The Pentagon insists it wants faster and leaner programs, but the rhetoric is divorced from reality, Lord said. “We have layer upon layer upon layer of oversight that is putting so much cost into the system,” she said. “Small companies cannot afford to play. Even big companies are opting out.”
Better buying power 3.0 encourages program managers to seek new products from commercial suppliers that fund their own research and development. But Pentagon requirements for internal company cost data deter commercial companies from doing business with the government, she added.
A constant gripe is that the Defense Department demands ownership of corporate trade secrets that companies fear will end up in competitors’ hands.
“The trend that is developing is that the government wants to claim all intellectual property,” said James Dorrell, director of advanced development programs at Lockheed Martin Aeronautics. “In many cases that IP is being used to level the playing field in some competitions,” he said at an Air Force Association conference. “If that trend continues, I think many of the truly innovative ideas and technologies may not be brought forward.”
Defense officials said they sometimes seek ownership of technical data rights so they are not legally bound to keep buying from the same vendor. “Sustaining competition, that is a good thing,” said James Kenyon, general manager of next-generation fighter programs at United Technologies Pratt & Whitney. But that also stifles innovation, he said. “Everybody starts to have the same IP.”
Kenyon noted the Defense Department is increasingly using contracting mechanisms like fixed price and cost sharing which require industry to “put skin in the game.” Companies understand that, he said, but the government has to realize that there are unintended consequences. Companies, for instance, will cut corporate R&D spending to make up for the greater risk they are asked to take.
Pentagon officials have heard the criticism and are looking to fix problems, said the Air Force’s top acquisition official William LaPlante. “There is a lot of frustration on both sides,” he said at the Air Force Association conference. The IP issue is a tough one, he added. “It is a constant tension we have.” There are times when the government asks for a company’s IP when it shouldn’t, but he said it is up to the contractors to more clearly communicate where they draw the line on IP.
The Defense Department needs its procurement machine to be “faster than the adversary,” he said, and it has to do better at motivating the private sector. Companies will not invest if they don’t see a return down the road, he said. “We need to not make programs a moving target, we need to stick to requirements and source selection criteria.”
Industry executives appreciate these declarations but continue to harbor doubts.
"Many in industry are a bit suspicious," said Tom Captain, vice chairman of Deloitte's aerospace and defense sector. Contractors get the feeling that current efforts to fix defense acquisitions are another "initiative du jour" that will generate lots of reports and media coverage but will not break through the institutional inertia, Captain said. "It doesn't mean that the Defense Department doesn't have good ideas," but there is little reason to believe that any new round of reforms will reverse trends that keep weapon systems over budget and behind schedule.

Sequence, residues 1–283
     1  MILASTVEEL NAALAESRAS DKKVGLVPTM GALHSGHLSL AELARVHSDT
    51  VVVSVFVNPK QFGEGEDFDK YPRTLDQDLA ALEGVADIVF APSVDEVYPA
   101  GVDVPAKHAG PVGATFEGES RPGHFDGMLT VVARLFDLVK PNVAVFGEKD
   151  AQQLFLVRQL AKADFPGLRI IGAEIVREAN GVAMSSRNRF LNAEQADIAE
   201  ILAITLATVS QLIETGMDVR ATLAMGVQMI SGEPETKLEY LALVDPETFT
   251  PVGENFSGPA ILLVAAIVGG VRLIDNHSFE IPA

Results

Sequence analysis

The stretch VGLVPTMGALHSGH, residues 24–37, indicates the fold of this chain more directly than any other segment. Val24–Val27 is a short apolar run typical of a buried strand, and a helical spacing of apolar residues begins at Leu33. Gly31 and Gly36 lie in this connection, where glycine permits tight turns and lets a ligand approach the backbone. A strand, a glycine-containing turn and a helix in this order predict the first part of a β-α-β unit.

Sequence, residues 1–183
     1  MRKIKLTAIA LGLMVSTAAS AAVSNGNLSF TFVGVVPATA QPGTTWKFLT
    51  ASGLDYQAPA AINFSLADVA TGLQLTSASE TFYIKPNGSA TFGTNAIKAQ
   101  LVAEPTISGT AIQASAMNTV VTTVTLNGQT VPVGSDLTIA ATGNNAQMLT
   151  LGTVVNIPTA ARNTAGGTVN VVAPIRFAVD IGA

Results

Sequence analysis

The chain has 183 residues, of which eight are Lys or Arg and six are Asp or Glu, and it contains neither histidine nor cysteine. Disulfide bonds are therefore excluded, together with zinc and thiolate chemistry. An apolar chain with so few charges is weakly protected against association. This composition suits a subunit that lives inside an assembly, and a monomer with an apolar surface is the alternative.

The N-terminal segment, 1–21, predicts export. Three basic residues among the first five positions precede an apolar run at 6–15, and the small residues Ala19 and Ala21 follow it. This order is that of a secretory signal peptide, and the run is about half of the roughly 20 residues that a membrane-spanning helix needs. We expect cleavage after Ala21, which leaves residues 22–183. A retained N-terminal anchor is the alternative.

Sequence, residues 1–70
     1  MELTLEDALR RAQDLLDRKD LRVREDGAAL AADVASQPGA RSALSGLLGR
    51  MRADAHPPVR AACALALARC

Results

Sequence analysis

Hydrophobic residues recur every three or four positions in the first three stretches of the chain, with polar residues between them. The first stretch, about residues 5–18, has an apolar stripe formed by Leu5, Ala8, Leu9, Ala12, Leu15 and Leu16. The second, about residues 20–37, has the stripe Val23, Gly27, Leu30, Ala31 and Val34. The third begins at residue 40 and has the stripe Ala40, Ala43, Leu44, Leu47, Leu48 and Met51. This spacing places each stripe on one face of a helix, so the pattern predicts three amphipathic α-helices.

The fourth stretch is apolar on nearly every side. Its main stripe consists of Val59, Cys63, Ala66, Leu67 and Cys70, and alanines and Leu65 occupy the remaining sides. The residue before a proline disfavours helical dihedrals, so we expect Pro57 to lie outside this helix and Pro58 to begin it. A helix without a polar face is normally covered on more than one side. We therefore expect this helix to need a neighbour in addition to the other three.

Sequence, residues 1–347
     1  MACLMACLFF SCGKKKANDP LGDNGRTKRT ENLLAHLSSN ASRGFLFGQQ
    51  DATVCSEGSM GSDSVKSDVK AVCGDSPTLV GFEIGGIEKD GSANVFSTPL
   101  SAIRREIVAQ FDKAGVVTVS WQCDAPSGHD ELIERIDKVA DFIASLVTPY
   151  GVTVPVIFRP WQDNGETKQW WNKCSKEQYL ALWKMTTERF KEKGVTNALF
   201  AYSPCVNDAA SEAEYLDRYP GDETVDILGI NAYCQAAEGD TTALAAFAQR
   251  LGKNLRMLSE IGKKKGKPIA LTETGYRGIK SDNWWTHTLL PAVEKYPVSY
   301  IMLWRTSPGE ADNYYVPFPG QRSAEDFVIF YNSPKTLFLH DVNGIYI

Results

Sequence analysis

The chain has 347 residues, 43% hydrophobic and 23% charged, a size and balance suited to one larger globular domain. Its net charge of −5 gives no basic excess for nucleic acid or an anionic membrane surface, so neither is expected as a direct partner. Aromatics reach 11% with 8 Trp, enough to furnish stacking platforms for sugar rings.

The tenets promoted by “better buying power,” or BBP, have been helpful, he said. They started in 2010 under then weapon acquisitions chief Ashton Carter who is now taking the helm at the Pentagon. But Captain said the numbers show that reforms have done little to curb spiraling costs. "Not much real progress has been made," he said. "We haven't gotten the results we were looking for. Programs are getting more expensive and more complicated."
There are “many good ideas in BBP 3.0,” said Captain, “but what we need to see is movement toward doing this. I don't see the incentives.” Private contractors are “more than willing to innovate, but if they spend their own money, why does the government continue to insist that they give up the IP that they didn't pay for?”
Based on data from the Government Accountability Office over the past 15 years, the Pentagon's top 100 programs soon will be $450 billion over budget, and will hit $600 billion by 2020, Captain estimated. The average schedule slip is 35 months. Rather than address the problem, "we just kick the can down the road."
Captain lays much of the blame on Congress for not allowing "meaningful" reforms. Lawmakers say they want to fix the system but continue to pile on oversight demands and seem unwilling to let the Defense Department "do what is necessary to bend the cost curve," he said. "Defense leaders are trying hard. They're making some progress but it's very episodic and not consistent or enough to move the needle."
The Defense Department’s better buying power efforts got a boost from GAO last week. In a new report, the agency said these initiatives are a “step in the right direction,” although investigators remain concerned that this “call for change” might not result in real change as the Defense Department has a long history of failing to convert policy into practice, said GAO. “Many DoD programs are still falling short of cost, schedule, and performance expectations.”
Carter takes the top job at the Pentagon amid high expectations. In written answers to questions from the Senate Armed Services Committee, Carter highlighted long-standing frustrations with the weapons acquisition process. “We need to push to field the initial system within five years and avoid delays,” he said. “Time is money.” Another goal is to better incentivize contractors and program managers to cut costs, Carter said. “Even before the passage of the Budget Control Act of 2011, I strongly believed that unacceptable cost growth in individual programs had to be reversed.”